Trinity Research Fellow announced as finalist in “Making an Impact” Competition

“Making an Impact” is a research-communication competition run by the Higher Education Authority

Trinity Research Fellow, Greg Tierney, is one of five finalists competing for a €2,500 prize in the “Making an Impact” Competition. “Making an Impact” is a research-communication competition run by the Higher Education Authority (HEA) in collaboration with The Irish Independent.

Tierney explained to Trinity News that his entry, “Lowering the Tackle Height Law in Rugby” explores “how lowering the tackle height law in rugby union to below the chest of the ball carrier could reduce concussion incidence as well as improve long term player brain health.” The current threshold for a high tackle is the line of the shoulders.  So far Tierney’ s research has found that “tackling around the chest and shoulders of the ball carrier is a high risk scenario for the tackler receiving a direct head impact, and subsequently, being removed from play for a head injury assessment.

The research has also found that “active shoulder tackles to the chest/shoulder region of the ball carrier causes significantly higher whiplash style head motions for the ball carrier. This may contribute to the development of the cognitive deficits reported for rugby players, even in those without a reported history of concussion.”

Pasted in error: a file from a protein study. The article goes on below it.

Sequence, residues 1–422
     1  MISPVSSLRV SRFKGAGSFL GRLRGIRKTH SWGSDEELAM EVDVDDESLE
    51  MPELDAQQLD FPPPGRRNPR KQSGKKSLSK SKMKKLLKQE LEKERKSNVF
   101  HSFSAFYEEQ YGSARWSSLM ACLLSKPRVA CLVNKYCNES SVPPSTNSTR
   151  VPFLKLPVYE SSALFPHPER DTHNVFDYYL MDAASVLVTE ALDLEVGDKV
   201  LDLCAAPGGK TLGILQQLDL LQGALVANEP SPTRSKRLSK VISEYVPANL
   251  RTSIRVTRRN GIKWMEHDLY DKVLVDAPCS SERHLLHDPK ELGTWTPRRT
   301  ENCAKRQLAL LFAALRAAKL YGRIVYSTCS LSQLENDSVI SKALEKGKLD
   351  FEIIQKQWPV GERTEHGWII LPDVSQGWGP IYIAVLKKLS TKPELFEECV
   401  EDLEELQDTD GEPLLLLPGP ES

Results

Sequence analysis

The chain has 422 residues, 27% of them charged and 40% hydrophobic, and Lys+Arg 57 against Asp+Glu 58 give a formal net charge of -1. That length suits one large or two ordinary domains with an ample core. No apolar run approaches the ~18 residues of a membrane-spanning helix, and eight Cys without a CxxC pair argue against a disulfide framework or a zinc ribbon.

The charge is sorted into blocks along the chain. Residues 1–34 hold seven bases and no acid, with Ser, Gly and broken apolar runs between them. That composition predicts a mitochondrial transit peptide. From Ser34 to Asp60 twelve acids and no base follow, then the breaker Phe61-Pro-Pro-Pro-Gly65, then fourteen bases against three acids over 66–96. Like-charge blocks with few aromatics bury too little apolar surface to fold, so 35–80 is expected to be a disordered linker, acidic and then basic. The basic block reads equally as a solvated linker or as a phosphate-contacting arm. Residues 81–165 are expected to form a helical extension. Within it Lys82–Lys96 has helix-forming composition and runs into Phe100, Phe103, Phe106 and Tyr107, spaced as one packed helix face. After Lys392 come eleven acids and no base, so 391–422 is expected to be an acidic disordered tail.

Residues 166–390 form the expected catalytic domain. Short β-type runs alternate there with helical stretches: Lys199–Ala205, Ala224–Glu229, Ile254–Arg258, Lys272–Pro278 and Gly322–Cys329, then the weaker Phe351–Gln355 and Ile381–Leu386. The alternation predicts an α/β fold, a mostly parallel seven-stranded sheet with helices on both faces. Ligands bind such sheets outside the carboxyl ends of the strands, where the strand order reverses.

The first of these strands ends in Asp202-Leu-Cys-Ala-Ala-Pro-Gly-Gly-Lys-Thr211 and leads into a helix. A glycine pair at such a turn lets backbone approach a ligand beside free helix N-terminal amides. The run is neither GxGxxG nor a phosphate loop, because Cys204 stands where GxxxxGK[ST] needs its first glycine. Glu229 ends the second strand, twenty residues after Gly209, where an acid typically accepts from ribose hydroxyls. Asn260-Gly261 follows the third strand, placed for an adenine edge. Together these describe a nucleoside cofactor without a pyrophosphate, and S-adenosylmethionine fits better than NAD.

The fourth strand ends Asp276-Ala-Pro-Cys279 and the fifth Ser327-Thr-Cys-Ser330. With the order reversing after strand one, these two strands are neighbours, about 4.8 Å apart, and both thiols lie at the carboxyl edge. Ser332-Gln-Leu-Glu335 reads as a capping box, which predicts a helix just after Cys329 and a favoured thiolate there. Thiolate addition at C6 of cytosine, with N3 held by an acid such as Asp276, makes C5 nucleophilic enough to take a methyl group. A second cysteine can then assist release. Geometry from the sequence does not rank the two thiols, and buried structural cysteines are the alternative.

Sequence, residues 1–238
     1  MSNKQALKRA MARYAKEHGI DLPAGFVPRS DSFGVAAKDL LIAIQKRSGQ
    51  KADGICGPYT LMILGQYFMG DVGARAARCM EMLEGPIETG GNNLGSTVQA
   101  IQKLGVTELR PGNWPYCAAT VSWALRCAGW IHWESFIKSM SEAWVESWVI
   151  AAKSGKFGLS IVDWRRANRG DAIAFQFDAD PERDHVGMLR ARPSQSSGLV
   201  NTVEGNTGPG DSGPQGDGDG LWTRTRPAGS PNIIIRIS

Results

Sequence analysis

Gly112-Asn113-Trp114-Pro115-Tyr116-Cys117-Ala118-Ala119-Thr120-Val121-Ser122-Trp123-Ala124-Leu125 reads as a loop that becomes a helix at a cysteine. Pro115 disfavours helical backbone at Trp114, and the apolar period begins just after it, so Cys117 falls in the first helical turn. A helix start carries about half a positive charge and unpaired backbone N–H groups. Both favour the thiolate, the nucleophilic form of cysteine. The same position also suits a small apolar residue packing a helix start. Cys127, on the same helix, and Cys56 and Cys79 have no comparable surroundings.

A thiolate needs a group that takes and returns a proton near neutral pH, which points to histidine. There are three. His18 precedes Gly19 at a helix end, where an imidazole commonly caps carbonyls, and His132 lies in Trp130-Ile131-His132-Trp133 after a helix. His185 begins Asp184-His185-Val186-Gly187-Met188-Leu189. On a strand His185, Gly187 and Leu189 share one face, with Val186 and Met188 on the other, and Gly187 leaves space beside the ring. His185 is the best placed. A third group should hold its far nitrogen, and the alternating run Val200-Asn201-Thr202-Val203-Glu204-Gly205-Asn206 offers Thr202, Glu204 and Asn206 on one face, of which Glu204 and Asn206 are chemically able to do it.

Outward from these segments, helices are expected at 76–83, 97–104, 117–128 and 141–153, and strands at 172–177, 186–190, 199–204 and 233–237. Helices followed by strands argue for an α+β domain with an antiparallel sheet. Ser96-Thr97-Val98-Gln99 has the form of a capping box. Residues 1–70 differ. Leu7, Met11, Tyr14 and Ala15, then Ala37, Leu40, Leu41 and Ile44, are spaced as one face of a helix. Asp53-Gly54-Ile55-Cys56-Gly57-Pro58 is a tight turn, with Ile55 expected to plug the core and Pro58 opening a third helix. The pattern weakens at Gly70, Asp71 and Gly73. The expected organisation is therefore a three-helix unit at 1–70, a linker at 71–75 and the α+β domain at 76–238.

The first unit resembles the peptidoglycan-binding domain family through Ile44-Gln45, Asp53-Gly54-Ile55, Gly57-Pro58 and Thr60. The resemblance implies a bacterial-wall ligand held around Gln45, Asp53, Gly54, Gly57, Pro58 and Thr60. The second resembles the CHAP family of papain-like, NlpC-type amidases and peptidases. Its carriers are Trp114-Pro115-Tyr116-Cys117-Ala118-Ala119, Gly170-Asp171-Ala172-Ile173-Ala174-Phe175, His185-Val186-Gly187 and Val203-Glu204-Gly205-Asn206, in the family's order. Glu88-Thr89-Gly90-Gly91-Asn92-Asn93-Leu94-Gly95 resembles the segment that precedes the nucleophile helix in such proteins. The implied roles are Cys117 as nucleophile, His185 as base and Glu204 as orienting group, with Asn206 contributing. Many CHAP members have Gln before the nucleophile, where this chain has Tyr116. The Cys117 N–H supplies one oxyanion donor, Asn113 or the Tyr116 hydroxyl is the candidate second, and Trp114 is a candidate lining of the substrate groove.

Tierney is an Irish Research Council PhD scholar at Trinity’s Centre for Bioengineering. Tierney’s research, which focuses on using video evidence to understand the kinematic scenarios resulting in concussion, was awarded the best early stage PhD at the Bioengineering in Ireland Conference in January 2015.

The competition is open to registered postgraduate research students of any discipline. The objective of the competition, as stated on the HEA website, is “the effective communication of research to a lay audience…It is not about presenting an academic summary of your work; it is about grabbing a reader or viewer’s attention”. The participants are to outline why their research “matters to Irish society or in a global context”.

The five finalists will present their research in front of an expert panel on November 15.  They will have a maximum of ten minutes each to make the presentation, followed by a brief question and answer session with the panel. One winner is chosen by the panel, and one by an audience of secondary school students.